10. #10
    Affiliate Manager Howard Gottlieb's Avatar
    Join Date
    December 30th, 2006
    Location
    Mansfield, Texas
    Posts
    1,561
    I think there is more potential in a themed site that sells products. Blogs can be very profitable if you are an authority on a subject and its niche can be monetized easily.
    I would rather live my life as if there is a God and die
    to find out there isn't, than live my life as if there
    isn't and die to find out there is.

  11. #11
    ABW Ambassador Boom or Bust's Avatar
    Join Date
    February 3rd, 2008
    Posts
    3,955
    Quote Originally Posted by Zeus
    The blog will require constant updates to rank well, and a site will require less updates.
    Why would a [blog] web page page lose rank sooner than a [site] web page?



    X

  12. #12
    ABW Ambassador Boom or Bust's Avatar
    Join Date
    February 3rd, 2008
    Posts
    3,955
    Quote Originally Posted by Marcia
    And a good part of SEO is the navigation of the site, is that right?

    The main issue I see is that of duplicate content. There's a big difference in how the internal navigation is done, and how duplicate content issues can be dealt with, since with a blog platform the posts appear on several pages unless modifications are done. With a static site, like one done with DW or FP or even Notepad, the content appears on only one page.
    Can't you analyze this within the context of a single page? In other words, a website may have a multitude of individual pages but each page is indexed and ranks based on it's own merits. Not whether it's part of a blog site or part of an ecommerce site. Our ecommerce site has many product pages loosely tied to the basic theme of the site, but the products come under the heading of many unrelated categories and don't necessarily relate to any other products on the site. Some of the product pages rank well and others don't. It all depends on the competition (rank is based on competition; another subject) and the content of those competing pages, not necessarily those competing sites. Doesn't the same hold true for a blog site. Each page is ranked based on it's merits, not necessarily on the other pages on the same site or how the pages all link together.
    If you are mostly concerned with getting traffic to your home page, that's a whole different ball of wax. That to me would be most difficult unless the theme of the whole site is closely held. Especially on a blog site where the home page may regularly change. Unless there's some compelling reason to want people to visit your home page before any others, don't worry about it. If the site is well designed, whether a blog site or an ecommerce site, you can get your visitors to go where you want them to. I think if I were to develop a blog site I'd make the home page more static with teasers and a good story rather than post the latest entry in my blog.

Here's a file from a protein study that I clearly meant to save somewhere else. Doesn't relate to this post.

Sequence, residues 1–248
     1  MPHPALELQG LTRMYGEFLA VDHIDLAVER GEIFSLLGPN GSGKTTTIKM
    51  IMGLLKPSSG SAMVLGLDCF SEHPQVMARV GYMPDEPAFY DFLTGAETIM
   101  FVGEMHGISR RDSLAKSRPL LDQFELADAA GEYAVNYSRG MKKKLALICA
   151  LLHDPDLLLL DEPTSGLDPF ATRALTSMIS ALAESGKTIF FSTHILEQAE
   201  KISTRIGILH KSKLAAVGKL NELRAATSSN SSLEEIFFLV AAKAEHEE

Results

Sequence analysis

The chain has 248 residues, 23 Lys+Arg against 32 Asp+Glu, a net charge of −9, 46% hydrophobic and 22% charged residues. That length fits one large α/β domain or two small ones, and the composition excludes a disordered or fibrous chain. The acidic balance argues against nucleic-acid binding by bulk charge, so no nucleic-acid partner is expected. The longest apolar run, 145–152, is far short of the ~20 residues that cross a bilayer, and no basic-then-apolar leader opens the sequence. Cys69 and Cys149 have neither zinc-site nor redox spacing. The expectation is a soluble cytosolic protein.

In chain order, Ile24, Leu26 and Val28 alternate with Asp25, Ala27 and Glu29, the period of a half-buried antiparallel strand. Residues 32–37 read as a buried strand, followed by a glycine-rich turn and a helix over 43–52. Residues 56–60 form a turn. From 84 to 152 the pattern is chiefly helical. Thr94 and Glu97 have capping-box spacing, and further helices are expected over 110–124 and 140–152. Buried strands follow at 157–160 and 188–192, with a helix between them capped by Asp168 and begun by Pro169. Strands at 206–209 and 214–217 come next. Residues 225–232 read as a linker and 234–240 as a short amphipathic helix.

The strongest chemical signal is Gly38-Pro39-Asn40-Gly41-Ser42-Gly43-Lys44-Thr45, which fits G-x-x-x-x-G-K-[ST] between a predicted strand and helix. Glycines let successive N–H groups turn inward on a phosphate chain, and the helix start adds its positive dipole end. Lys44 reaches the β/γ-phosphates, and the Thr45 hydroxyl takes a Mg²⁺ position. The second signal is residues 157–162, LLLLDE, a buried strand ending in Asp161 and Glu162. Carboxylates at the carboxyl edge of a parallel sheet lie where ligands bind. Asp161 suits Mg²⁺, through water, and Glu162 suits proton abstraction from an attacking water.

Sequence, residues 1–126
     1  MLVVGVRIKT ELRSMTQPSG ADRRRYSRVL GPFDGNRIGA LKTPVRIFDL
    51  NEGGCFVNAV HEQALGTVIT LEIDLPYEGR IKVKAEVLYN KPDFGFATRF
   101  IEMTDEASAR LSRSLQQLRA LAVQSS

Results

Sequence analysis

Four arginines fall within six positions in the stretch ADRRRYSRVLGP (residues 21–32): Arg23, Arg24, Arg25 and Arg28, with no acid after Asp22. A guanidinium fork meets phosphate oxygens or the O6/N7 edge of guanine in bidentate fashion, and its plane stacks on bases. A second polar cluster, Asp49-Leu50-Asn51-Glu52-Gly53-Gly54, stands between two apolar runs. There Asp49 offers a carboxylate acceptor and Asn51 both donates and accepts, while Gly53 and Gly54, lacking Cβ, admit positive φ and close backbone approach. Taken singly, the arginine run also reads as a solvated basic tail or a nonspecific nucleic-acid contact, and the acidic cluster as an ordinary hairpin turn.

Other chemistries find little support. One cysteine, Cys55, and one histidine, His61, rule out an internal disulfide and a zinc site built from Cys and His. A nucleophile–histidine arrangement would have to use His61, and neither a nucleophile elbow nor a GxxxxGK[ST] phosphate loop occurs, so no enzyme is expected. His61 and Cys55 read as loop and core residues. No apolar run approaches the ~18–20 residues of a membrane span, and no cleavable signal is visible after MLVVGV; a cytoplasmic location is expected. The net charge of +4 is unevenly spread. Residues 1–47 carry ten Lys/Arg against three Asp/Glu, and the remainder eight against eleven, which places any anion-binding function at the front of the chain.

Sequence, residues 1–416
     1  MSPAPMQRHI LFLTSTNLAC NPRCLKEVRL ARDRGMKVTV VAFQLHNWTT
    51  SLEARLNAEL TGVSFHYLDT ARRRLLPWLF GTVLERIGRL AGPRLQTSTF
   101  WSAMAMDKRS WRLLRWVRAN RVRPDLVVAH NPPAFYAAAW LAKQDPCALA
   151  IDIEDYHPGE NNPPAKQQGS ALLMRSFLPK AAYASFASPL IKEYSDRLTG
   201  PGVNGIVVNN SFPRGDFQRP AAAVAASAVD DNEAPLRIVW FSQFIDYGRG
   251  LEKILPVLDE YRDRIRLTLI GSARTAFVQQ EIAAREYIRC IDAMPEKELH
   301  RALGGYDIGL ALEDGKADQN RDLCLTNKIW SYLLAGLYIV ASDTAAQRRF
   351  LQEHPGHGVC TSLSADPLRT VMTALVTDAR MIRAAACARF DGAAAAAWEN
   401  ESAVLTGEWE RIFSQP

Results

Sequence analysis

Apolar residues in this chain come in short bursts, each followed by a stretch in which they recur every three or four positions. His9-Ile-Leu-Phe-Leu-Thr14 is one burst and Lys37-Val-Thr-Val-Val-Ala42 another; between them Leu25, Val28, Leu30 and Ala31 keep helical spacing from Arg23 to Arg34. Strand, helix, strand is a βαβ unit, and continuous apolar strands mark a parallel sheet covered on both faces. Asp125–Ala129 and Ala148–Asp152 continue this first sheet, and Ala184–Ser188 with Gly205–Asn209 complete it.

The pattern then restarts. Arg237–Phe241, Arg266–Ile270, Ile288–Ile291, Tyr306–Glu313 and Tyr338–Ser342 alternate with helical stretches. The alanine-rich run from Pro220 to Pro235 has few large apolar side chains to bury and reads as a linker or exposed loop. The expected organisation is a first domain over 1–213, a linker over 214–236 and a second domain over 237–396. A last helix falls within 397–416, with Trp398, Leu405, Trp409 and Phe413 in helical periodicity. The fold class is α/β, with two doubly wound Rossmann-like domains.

Does this make any sense or am I totally missing it?



    X

  13. #13
    15 years and counting
    Join Date
    January 18th, 2005
    Posts
    6,121
    Quote Originally Posted by Boomers
    Why would a [blog] web page page lose rank sooner than a [site] web page?
    I don't know exactly why, it's just my experience using blogs and sites. If you tweak enough your blogs or sites I'm sure you can get the opposite experience. I'm talking basic sites or blogs with basic SEO.

  14. #14
    Visual Artist & ABW Ambassador lostdeviant's Avatar
    Join Date
    September 7th, 2007
    Location
    Cuautitlán, Edo. de México
    Posts
    1,725
    Quote Originally Posted by visitourmall
    I think there is more potential in a themed site that sells products. Blogs can be very profitable if you are an authority on a subject and its niche can be monetized easily.
    I use blogs to sell products. A blog is just a format. You could put sales or information content on one. A blog can be themed too.

  15. #15
    CPA Network Rep Dina - MarketLeverage Blogger's Avatar
    Join Date
    November 20th, 2007
    Location
    Lake Mary, FL
    Posts
    300
    I personally like a blog better. It is easier to update than a site. You can monetize a site blog just as easily as a website.
    [B][SIZE=3][COLOR=Blue]Dina Riccobono[/COLOR][/SIZE][/B]
    [COLOR=Blue]MarketLeverage Marketing Manager
    Twitter: MarketLeverage / MLDina[/COLOR]

  16. #16
    Newbie
    Join Date
    April 15th, 2008
    Location
    Georgia
    Posts
    17
    BitCom, as mentioned earlier, decide first what you want to accomplish with your new site. If you're opening an online store or other type of ecommerce site, then obviously a "conventional" site design would be best. If you're going to be posting mostly informational content for your visitors, then a blog would be the way to go. For flexibility, Wordpress (.org, not .com) is hard to beat for a blog platform.

  17. #17
    Moderator
    Join Date
    April 6th, 2006
    Posts
    2,689
    Agree with all of the above... some great advice.